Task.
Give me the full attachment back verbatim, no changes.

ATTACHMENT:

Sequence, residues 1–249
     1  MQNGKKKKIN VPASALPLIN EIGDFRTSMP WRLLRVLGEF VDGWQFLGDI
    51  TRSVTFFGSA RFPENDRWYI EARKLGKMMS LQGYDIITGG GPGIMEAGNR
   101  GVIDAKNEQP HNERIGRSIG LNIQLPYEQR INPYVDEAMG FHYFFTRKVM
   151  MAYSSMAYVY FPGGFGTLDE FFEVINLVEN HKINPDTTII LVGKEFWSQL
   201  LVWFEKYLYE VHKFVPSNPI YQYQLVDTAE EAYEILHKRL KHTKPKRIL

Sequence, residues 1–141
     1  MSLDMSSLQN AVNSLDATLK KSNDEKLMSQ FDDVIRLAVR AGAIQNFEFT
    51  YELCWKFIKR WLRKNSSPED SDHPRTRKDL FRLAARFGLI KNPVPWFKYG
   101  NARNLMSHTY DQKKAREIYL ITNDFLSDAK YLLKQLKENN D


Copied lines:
Sequence, residues 1–249
     1  MQNGKKKKIN VPASALPLIN EIGDFRTSMP WRLLRVLGEF VDGWQFLGDI
    51  TRSVTFFGSA RFPENDRWYI EARKLGKMMS LQGYDIITGG GPGIMEAGNR
   101  GVIDAKNEQP HNERIGRSIG LNIQLPYEQR INPYVDEAMG FHYFFTRKVM
   151  MAYSSMAYVY FPGGFGTLDE FFEVINLVEN HKINPDTTII LVGKEFWSQL
   201  LVWFEKYLYE VHKFVPSNPI YQYQLVDTAE EAYEILHKRL KHTKPKRIL

Sequence, residues 1–141
     1  MSLDMSSLQN AVNSLDATLK KSNDEKLMSQ FDDVIRLAVR AGAIQNFEFT
    51  YELCWKFIKR WLRKNSSPED SDHPRTRKDL FRLAARFGLI KNPVPWFKYG
   101  NARNLMSHTY DQKKAREIYL ITNDFLSDAK YLLKQLKENN D